Photo © William P. Diven

Photo © William P. Diven

In the ’50s we hunted communists under our beds while suspecting the folks next door. In the ’60s Abbie Hoffman’s threat to levitate the Pentagon spun J. Edgar’s FBI knickers into a twist. Popular belief in the ’70s, at least in my circle, held disco would trigger the apocalypse.

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Spinning U.S. History Until We’re Dangerously Dizzy

Symbols do matter whether it’s the flag of rebellion or the swastika of genocide. Take it from someone who’s been on the losing end of one of those arguments.

History matters as well, and we place our country at risk without consensus on the facts and meanings of our shared experience in all its glory and pain.


Confederate generals (from left) Stonewall Jackson, P. G.T. Beauregard and Robert E. Lee in “Our heroes and our flags,” Southern Lithograph Company, ca. 1896. Library of Congress Prints and Photographs Division, reproduction number LC-DIG-pga-03338. (Click image to enlarge)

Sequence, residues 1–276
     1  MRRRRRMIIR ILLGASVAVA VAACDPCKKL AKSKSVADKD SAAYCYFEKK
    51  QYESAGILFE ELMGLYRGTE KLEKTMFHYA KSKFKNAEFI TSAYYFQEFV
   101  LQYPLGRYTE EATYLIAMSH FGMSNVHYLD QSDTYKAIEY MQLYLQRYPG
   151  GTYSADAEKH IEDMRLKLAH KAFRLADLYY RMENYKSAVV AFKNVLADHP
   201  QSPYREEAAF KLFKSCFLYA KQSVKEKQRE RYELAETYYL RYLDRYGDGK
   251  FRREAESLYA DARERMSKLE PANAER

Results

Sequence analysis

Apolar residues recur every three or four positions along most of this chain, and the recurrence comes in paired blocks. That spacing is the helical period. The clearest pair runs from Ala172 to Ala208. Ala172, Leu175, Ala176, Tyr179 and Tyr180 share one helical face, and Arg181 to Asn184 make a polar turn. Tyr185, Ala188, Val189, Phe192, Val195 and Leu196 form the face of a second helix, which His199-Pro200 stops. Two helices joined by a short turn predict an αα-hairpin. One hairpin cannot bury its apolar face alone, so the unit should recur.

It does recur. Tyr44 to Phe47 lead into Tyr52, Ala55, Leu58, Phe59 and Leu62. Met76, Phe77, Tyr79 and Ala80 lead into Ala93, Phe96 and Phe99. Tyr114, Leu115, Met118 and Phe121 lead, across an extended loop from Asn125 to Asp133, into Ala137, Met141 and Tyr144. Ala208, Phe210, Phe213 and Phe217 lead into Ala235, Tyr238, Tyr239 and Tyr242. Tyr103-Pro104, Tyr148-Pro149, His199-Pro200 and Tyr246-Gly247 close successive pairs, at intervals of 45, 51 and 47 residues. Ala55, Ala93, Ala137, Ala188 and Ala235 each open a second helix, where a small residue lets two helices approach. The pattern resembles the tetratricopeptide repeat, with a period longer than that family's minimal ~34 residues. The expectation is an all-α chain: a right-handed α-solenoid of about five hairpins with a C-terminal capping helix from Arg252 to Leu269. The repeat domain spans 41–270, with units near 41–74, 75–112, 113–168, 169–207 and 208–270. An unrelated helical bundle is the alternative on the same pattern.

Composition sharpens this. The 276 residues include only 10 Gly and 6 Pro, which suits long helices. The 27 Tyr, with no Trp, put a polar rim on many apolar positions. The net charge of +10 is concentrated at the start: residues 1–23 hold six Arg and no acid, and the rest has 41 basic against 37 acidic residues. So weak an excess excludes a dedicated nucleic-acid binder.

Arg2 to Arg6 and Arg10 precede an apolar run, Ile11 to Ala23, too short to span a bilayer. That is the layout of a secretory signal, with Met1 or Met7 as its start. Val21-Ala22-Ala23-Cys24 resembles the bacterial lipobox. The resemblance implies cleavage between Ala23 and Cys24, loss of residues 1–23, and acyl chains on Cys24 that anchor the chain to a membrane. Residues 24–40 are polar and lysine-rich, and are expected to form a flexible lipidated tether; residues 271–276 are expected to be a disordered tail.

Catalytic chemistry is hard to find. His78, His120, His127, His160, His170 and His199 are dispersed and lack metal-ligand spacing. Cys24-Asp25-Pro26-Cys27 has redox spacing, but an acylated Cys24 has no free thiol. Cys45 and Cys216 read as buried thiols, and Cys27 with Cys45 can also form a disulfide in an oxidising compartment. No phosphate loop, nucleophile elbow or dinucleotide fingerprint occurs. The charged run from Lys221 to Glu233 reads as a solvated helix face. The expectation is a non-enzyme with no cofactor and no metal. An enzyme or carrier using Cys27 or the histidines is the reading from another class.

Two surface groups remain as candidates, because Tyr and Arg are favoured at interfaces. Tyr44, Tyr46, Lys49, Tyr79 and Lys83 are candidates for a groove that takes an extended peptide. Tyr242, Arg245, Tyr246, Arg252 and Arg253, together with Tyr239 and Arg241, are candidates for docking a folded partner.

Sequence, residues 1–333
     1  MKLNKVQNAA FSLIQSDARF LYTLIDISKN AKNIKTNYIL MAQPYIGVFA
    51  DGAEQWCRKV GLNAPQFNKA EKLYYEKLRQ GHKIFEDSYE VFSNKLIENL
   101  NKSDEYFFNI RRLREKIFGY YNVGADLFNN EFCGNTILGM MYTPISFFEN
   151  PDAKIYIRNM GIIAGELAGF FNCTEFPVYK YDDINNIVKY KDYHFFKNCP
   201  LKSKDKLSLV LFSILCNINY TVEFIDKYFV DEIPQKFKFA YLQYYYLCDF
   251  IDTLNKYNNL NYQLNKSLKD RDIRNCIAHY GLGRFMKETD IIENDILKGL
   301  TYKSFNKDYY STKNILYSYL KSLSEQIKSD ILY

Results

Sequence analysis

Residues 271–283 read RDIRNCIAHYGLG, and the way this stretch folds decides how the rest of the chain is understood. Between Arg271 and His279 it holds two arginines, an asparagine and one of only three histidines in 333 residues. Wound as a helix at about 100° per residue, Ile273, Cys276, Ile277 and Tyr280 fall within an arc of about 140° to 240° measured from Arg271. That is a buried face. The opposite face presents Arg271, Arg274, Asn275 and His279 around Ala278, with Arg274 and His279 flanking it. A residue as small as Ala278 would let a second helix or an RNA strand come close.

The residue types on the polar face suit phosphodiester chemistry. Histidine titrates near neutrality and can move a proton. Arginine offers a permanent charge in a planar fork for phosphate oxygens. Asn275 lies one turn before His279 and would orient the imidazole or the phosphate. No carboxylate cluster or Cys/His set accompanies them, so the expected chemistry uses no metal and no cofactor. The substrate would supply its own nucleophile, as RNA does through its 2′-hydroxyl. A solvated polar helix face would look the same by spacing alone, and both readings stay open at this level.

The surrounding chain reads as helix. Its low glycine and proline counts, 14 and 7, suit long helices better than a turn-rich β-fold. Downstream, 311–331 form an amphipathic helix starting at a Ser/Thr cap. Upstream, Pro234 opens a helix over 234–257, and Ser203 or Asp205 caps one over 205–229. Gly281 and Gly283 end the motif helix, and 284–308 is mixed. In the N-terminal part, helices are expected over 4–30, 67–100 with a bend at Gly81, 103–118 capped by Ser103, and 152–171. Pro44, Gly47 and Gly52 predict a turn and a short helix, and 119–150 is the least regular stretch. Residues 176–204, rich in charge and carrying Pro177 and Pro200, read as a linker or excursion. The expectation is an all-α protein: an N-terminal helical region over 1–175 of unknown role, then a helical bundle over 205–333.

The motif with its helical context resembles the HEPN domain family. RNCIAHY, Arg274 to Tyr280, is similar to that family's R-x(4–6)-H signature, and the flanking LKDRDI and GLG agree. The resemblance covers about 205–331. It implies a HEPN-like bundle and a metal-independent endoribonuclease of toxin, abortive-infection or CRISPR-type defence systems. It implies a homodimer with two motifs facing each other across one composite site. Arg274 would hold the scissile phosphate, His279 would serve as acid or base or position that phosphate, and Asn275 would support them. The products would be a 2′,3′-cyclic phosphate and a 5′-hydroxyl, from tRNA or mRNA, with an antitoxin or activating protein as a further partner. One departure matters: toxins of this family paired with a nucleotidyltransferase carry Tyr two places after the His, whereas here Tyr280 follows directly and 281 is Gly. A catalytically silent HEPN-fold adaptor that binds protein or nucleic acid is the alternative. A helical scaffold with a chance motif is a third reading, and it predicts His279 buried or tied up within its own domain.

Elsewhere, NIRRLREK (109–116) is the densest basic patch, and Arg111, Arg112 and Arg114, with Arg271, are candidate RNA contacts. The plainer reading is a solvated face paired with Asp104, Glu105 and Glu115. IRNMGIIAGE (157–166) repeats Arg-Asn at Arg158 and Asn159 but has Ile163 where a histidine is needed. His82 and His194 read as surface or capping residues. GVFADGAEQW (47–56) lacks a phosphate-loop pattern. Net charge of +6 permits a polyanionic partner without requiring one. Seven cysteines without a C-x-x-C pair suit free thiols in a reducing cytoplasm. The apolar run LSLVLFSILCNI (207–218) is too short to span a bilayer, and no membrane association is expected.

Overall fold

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Bashing the Bearers of Bad News

While I miss some aspects of the 1970s, my hair and the Allman Brothers Band, for example, the Nixon zombies roaming Albuquerque City Hall are not welcome here in 2015.

Spiro Agnew (left), Gerald R. Ford Presidential Library and Museum, image No. T25035c1-27; John Mitchell, photo by Steve Northrup in Time Magazine, April 30, 1973, author's collection.

Spiro Agnew (left), Gerald R. Ford Presidential Library and Museum, image No. T25035c1-27; John Mitchell (right), photo by Steve Northrup in Time Magazine, April 30, 1973, author’s collection.

Among the undead is Attorney General John Mitchell, part of the team that shilled for President Nixon by attacking enemies real and imagined in and out of the news media. He’s the one who said Washington Post publisher Katherine Graham is “gonna get her tit caught in a big fat wringer” over exposing a connection between the Watergate burglary and the Nixon re-election campaign. By that time, Mitchell ran the Committee to Re-Elect the President, wonderfully known as CREEP. Continue reading